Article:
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Title:Mechanical response of polyether polyurethane foams under multiaxial stress and the initial yielding of ultrathin films
Author(s):Dai, Xiangyu
Director of Research:Gioia, Gustavo
Doctoral Committee Chair(s):Gioia, Gustavo
Doctoral Committee Member(s):Sottos, Nancy R.; Phillips, James W.; Wagoner Johnson, Amy J.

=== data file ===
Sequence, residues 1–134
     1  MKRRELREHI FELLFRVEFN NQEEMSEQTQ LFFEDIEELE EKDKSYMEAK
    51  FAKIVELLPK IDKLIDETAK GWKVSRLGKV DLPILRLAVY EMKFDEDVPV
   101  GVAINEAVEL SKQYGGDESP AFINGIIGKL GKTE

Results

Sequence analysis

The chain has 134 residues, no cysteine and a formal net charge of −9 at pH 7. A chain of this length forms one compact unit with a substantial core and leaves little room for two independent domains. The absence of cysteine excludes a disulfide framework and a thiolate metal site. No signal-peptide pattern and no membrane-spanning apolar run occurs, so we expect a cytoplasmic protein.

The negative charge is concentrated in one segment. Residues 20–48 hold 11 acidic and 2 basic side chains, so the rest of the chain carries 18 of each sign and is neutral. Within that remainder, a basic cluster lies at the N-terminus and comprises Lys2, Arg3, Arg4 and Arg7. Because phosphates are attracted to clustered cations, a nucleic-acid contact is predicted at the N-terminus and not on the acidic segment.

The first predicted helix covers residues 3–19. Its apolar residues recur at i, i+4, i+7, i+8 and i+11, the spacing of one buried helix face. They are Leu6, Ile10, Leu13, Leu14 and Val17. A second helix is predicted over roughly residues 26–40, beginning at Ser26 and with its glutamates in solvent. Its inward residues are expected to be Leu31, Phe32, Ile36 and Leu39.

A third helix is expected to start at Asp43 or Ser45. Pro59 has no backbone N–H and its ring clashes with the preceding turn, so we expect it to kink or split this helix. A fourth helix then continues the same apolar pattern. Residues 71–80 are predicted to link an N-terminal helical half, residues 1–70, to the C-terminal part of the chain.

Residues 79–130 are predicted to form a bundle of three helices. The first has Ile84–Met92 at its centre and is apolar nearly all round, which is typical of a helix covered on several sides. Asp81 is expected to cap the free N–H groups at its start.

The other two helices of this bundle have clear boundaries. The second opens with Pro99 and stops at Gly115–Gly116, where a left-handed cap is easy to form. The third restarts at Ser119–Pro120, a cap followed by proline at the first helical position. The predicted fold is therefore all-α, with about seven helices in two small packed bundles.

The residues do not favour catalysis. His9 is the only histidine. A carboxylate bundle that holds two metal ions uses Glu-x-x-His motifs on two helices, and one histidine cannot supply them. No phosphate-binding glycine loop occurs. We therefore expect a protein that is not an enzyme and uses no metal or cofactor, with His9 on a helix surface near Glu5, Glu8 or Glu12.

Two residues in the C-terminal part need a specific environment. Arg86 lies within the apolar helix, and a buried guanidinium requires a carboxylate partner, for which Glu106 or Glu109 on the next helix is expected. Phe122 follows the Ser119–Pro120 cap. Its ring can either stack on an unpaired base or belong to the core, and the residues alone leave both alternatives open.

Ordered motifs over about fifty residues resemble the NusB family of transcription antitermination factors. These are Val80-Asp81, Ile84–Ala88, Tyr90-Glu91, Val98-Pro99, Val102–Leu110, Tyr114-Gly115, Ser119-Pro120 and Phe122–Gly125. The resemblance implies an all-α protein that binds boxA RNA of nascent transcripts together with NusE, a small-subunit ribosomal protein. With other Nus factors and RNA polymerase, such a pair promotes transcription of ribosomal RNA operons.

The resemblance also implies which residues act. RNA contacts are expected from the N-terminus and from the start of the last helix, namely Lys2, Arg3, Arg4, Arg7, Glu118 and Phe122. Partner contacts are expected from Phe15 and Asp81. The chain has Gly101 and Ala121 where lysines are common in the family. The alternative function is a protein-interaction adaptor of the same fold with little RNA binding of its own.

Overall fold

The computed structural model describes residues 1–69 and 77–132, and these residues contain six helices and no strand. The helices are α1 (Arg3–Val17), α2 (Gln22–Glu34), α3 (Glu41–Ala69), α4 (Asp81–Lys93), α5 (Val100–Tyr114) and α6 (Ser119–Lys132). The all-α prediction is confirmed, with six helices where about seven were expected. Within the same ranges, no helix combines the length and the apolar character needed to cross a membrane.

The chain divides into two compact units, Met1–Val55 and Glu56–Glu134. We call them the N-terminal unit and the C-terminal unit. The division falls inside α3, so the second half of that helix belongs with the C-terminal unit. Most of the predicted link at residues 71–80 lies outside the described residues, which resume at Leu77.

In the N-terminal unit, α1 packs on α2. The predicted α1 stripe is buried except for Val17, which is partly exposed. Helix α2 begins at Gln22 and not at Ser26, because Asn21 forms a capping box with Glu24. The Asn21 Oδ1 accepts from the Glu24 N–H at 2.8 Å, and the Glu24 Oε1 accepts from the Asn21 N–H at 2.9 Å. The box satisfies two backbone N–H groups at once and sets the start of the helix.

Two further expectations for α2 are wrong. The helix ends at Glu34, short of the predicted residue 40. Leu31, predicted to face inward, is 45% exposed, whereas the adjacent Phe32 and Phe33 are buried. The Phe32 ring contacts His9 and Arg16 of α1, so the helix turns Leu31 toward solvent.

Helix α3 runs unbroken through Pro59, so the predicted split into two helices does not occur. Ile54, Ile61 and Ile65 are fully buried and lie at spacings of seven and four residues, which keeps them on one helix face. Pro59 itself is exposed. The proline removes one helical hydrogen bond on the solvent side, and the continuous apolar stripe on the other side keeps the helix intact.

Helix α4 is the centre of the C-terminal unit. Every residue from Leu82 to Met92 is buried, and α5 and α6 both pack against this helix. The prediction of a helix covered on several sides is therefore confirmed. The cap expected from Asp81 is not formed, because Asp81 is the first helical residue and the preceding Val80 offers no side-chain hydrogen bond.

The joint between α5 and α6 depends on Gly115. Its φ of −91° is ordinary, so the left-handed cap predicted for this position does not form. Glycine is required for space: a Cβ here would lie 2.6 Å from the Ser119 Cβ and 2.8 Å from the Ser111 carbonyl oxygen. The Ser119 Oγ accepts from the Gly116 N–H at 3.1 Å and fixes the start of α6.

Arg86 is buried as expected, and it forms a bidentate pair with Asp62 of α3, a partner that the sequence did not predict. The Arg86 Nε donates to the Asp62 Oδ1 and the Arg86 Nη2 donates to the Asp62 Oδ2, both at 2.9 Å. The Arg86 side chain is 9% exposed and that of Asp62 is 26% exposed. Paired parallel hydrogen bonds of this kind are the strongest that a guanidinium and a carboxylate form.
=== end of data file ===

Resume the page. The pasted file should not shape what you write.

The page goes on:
Department / Program:Mechanical Sci & Engineering
Discipline:Theoretical & Applied Mechans
Degree Granting Institution:University of Illinois at Urbana-Champaign
Subject(s):Polyther Polyurethane FOAMS
Multiaxial Stress
Initial yielding
Ultrathin Films
Phase Transition
Snap-through Buckling
Critical Exponents
Mean-field Model
Nonconvex Strain Energy Function
Digital Image Correlation
Surface Stress